With an oil dependency of 96%, the transport sector is responsible for 25% of the EU’s greenhouse gas emissions. Electric vehicles are considered to be the main alternative to combustion-engine vehicles, with the demand for batteries expected to increase 14 times by 2030 on levels in 2018. Around 4.8% of the cars sold in 2020 were electric vehicles in Spain, which has set an objective of 5 million electric and hybrid vehicles circulating on Spanish roads by 2030.
Europe’s share of the lithium-ion battery market is currently around 3%, but it is estimated that battery production will increase to 464 000 tonnes by 2025, with an annual growth rate of 59%. A large number of batteries at the end of their useful life for electric-vehicle applications are already present in Europe, and these are managed as a waste stream. However, these batteries could have a second life in less demanding applications, for example, energy storage systems that are helping to increase the share of renewable energy.
Renewable energy is key to reaching Europe’s ambitious climate targets for 2050. In 2030, wind energy is forecast to be Europe’s largest source of electricity, providing 34% of gross electricity generation in all core policy scenarios, with solar energy having a share of 14%.
In Spain, wind energy provides 27 370 MW, around a quarter of the country’s 109 899 MW of installed power. The installed wind power is projected to increase to 40 000 MW by 2030 and 60 000 MW by 2050, while solar energy amounts to 10 210 MW of photovoltaic energy and 2 300 MW of thermosolar energy, accounting for 10.9% of the total installed power. Photovoltaic energy is forecast to grow to 39 000 MW by 2030. However, the renewable energy sector depends on meteorological conditions and continuous production is not assured. Energy storage solutions are therefore needed.
LIFE ReLiGHT has 2 objectives:
- To provide a second life for used electric vehicle lithium-ion batteries through their re-use as part of a battery energy storage solution integrated into wind and solar farms. Such re-use will lead to the development of a new type of hybrid renewable plant, providing a source of energy during periods when renewable sources are not guaranteed and therefore avoiding carbon-based energy sources.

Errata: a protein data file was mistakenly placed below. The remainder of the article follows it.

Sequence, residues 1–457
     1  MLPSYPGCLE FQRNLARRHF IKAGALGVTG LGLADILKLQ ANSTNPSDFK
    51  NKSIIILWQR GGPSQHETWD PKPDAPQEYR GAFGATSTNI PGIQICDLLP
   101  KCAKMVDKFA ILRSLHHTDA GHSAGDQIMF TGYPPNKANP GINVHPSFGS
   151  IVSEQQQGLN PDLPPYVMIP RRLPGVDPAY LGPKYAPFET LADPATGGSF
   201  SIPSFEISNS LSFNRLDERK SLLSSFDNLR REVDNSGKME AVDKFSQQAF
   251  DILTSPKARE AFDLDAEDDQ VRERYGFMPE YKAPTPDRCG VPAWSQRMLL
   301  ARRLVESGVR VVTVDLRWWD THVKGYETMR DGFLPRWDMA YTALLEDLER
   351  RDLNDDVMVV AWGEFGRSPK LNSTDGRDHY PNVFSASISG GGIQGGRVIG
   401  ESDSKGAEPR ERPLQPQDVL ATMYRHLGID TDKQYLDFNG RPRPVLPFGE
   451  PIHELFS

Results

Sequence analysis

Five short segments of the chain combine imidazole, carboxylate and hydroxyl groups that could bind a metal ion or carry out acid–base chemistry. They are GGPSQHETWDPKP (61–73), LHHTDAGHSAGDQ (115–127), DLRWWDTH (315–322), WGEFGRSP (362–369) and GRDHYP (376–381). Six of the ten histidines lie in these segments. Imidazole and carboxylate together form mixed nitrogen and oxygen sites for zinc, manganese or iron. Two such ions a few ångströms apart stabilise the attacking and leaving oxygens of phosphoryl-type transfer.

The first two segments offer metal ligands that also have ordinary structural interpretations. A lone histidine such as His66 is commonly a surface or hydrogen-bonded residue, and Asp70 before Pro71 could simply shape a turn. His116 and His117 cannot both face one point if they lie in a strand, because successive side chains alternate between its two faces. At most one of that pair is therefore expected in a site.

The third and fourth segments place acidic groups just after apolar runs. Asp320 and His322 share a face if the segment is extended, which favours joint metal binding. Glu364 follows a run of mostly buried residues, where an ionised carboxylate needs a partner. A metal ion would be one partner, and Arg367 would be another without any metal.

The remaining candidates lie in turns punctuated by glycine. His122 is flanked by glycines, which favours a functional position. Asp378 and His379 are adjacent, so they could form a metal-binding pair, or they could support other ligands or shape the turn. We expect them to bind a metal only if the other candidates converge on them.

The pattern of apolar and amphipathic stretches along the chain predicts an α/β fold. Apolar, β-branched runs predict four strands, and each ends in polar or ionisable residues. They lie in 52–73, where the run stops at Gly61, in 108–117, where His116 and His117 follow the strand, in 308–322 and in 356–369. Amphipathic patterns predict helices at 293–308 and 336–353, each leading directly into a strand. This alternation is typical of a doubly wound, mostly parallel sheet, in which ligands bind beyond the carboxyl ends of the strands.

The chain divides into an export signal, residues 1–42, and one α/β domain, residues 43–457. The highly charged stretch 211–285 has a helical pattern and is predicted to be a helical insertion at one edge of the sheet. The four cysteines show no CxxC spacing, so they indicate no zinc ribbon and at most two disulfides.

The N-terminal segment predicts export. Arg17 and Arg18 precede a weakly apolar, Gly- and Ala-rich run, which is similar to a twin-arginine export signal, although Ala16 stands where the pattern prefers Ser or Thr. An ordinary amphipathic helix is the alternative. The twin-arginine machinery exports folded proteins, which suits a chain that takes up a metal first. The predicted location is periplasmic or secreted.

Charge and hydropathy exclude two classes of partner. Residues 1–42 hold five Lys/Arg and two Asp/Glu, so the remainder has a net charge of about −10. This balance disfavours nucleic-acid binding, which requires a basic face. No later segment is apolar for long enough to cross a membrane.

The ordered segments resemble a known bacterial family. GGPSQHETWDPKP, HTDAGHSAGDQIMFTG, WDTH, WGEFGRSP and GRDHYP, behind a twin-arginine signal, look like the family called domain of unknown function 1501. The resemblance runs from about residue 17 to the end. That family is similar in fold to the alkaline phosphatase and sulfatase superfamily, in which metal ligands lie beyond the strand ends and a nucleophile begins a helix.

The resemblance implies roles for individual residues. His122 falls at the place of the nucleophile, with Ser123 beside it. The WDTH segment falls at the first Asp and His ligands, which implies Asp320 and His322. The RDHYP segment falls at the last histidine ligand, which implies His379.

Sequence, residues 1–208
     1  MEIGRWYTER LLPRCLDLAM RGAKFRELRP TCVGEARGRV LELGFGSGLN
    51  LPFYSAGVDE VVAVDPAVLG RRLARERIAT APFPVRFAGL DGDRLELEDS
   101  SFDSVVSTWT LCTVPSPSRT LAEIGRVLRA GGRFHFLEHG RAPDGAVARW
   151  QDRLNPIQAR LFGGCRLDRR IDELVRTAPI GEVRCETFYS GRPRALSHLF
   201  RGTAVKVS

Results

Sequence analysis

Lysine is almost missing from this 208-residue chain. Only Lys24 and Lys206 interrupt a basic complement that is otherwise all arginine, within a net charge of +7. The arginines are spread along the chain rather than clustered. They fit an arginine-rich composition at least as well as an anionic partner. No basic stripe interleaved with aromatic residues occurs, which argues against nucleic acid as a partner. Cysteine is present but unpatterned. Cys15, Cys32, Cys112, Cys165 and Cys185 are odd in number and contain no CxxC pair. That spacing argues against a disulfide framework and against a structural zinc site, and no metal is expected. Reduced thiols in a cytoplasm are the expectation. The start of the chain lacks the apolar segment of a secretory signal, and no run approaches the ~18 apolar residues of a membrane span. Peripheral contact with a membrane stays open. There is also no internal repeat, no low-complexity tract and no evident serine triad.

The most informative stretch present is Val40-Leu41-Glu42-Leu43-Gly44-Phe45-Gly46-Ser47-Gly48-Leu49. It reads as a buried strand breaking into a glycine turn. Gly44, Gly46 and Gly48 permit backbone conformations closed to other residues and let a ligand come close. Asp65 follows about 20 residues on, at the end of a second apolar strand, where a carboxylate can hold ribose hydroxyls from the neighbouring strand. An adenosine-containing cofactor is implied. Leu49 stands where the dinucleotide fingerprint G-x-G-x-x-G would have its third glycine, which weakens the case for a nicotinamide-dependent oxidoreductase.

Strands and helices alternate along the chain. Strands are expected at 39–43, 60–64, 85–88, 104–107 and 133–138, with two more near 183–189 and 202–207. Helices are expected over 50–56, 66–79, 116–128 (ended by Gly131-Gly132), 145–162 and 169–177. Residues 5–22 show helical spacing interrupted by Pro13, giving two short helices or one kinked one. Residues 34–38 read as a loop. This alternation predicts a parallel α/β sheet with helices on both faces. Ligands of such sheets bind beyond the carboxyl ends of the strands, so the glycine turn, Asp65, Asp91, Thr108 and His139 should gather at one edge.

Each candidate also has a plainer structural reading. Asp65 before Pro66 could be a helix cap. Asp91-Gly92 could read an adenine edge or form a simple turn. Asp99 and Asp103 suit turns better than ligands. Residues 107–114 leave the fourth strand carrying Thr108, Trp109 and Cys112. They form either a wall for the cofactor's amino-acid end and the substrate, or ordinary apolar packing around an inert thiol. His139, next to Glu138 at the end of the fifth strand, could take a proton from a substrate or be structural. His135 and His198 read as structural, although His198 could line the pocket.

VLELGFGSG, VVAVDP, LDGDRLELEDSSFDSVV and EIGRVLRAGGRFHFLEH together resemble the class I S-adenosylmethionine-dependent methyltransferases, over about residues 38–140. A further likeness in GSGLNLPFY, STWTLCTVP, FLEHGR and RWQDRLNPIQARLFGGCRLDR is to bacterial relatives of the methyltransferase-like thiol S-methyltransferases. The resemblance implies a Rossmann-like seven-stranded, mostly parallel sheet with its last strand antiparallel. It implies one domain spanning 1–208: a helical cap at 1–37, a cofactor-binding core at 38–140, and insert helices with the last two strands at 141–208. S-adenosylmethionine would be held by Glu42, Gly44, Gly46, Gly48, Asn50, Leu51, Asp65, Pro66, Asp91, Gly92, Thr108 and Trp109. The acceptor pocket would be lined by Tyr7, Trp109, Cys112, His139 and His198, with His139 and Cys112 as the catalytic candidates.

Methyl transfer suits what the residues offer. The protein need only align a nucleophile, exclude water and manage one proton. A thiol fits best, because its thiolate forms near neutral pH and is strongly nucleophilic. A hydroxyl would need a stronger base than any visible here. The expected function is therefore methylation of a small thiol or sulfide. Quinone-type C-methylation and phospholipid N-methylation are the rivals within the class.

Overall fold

- At the end of this extended lifetime of the batteries, the project will close the loop through a recycling strategy.
The project will develop a second-life energy storage system of 5.6 MW/11.2 MWh, which will be validated at the renewable plant of La Herrada (Albacete, Spain). This plant comprises a wind farm of 52.2 MW and a photovoltaic plant of 76.5 MWp. The actions will be implemented along the whole value chain of the batteries, including their receipt, testing and classification, the assembly of new battery packages, their integration into the renewable energy plant, the replacement of the batteries at the end of life and final recycling.
- Reduction of up to 102.31 tonnes of waste batteries through their transformation into new second-life products for stationary energy storage, thus extending their lifetime by 10 years.
- Reduction in the use of 4 GWh/year of primary energy and in the emission of 600 tonnes of CO2eq/year, as a result of the efficient operation and management of the renewable plant thanks to the project‘s battery energy storage system.
- Promotion of a sustainable recycling process of the second-life batteries at the end of their life, which entails separating and re-using their materials.
- Demonstration of the profitability of 3 business models tested in the project: curtailment and ancillary services, energy balance service and capacity market service.